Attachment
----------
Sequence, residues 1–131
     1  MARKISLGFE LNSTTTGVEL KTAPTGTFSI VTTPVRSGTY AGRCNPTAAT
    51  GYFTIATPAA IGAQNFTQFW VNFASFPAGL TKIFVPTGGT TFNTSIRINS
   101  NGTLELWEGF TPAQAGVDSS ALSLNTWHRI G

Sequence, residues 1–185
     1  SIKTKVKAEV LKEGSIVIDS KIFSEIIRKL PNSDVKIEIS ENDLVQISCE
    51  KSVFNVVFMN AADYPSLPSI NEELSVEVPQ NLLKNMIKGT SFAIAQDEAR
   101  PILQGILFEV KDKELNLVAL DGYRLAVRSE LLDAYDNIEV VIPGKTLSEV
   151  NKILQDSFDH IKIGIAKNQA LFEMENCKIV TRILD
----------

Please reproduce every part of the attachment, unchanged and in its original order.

Sequence, residues 1–131
     1  MARKISLGFE LNSTTTGVEL KTAPTGTFSI VTTPVRSGTY AGRCNPTAAT
    51  GYFTIATPAA IGAQNFTQFW VNFASFPAGL TKIFVPTGGT TFNTSIRINS
   101  NGTLELWEGF TPAQAGVDSS ALSLNTWHRI G

Sequence, residues 1–185
     1  SIKTKVKAEV LKEGSIVIDS KIFSEIIRKL PNSDVKIEIS ENDLVQISCE
    51  KSVFNVVFMN AADYPSLPSI NEELSVEVPQ NLLKNMIKGT SFAIAQDEAR
   101  PILQGILFEV KDKELNLVAL DGYRLAVRSE LLDAYDNIEV VIPGKTLSEV
   151  NKILQDSFDH IKIGIAKNQA LFEMENCKIV TRILD